After a brief gloss of Maccovius’s critical appropriation of Patristic, medieval, Reformed, and contemporary sources, van Asselt moves into a brief discussion of the last section of the Distinctiones where Maccovius covers “one hundred most general distinctions” in doing theology (32). van Asselt divides the section into three categories: ontological concepts, anthropological terms, and logical distinctions.

First, ontologically, Maccovius followed his mentor Keckermann in excluding the doctrine of God from the metaphysical discussion of being – unlike the more Suárezian approach to metaphysics. Rather, Maccovius focused more precisely upon the distinction and relation between the Creator (the prima causa) and creation (the causae secundae), especially as a means of maintaining the viability of contingency. van Asselt helpfully traces the development of Maccovius’s thought in terms of the more modern idea of modal ontology by outlining the distinction between necessity and contingency. According to van Asselt, by the employment of categories such as absolute necessity (necessitas consequentis) and hypothetical necessity (necessitas consequentiae), Maccovius sought to preserve God’s divine decree on the one hand and the freedom of human actions on the other.

Second, van Asselt divides Moccovius’s anthropological framework into two basic perspectives: essential level and accidental level. With regards to the essential level, Maccovius follows the standard Aristolelean/ Reformed scholastic tradition of faculty psychology, whereby the will follows the apprehensions of the intellect, but is careful not to suggest that it is determined by the intellect. At the accidental level, Maccovius utilises the common four-fold state model elaborated by Augustine and Bernard of Clairvaux (and later by Thomas Boston). Within this structure, Maccovius distinguishes between freedom of contrariety (libertas contrarietatis) – the ability to choose this or that object – and freedom of contradiction (libertas contradictionis) – the ability to choose or reject a certain object. This distinction was to assure that in all four states, the will acts freely. But, while “man is always free, he is not always good” (37).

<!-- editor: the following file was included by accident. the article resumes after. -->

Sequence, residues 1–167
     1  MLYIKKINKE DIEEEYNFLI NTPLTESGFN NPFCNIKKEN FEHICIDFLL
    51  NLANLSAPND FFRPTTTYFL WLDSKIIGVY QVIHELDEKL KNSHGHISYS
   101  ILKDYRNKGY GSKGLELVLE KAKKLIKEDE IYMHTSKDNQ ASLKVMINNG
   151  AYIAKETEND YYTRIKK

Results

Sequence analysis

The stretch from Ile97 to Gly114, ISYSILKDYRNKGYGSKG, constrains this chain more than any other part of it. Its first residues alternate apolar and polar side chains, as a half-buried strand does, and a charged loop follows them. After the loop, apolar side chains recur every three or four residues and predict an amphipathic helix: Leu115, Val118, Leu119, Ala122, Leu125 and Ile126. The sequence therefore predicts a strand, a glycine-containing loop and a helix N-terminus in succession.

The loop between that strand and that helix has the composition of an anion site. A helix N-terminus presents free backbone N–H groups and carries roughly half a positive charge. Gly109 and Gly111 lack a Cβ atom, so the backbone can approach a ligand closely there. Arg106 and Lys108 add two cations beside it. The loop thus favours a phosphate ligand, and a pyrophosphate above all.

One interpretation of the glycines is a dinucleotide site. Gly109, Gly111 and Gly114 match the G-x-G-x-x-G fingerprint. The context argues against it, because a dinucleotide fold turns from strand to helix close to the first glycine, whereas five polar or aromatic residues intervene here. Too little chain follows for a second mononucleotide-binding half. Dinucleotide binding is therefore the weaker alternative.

Third, van Asselt highlights the importance of logical distinctions in the Distinctiones. He astutely notes that the study of logic (along with other disciplines in the artes faculty) was a prerequisite for all theological students and was, in many ways, assumed by Maccovius. [Regrettably, the same cannot always be said today, at least for many seminary students in the United States!] van Asselt proceeds with several examples by discussing Maccovius’s use of logical concepts such as ratio (reason, argument, ground, etc), first act (in actu primo) and second act (in actu secundo), compounded and divided senses of a proposition (sensus compostius, sensus divisus), and categoremata (i.e. nouns and verbs) and syncategoremata (i.e. prepositions, conjunctions, adjectives, etc).

In short, Distinctiones represents the concernments of Maccovius to provide his students with a technical apparatus by which the basic principles of Reformed theology could be classified, articulated, and defended. van Asselt’s article is carefully researched, clearly structured, and tightly argued. It is a welcomed contribution that sheds much light on the thinking of this otherwise little known reformer.


C G said...

Are these notes shorter than the article??

John W. Tweeddale said...

Surprisingly, yes! I guess I got a little carried away.


C G said...

No - keep it coming - saves me going to the library (which doesn't stock WTJ in any case!).

Chris Coleman said...

Thanks for the insightful review! It's great to learn about reformed theologians that are new to me! Thanks so much, I really appreciate the qaulity and content of this blog!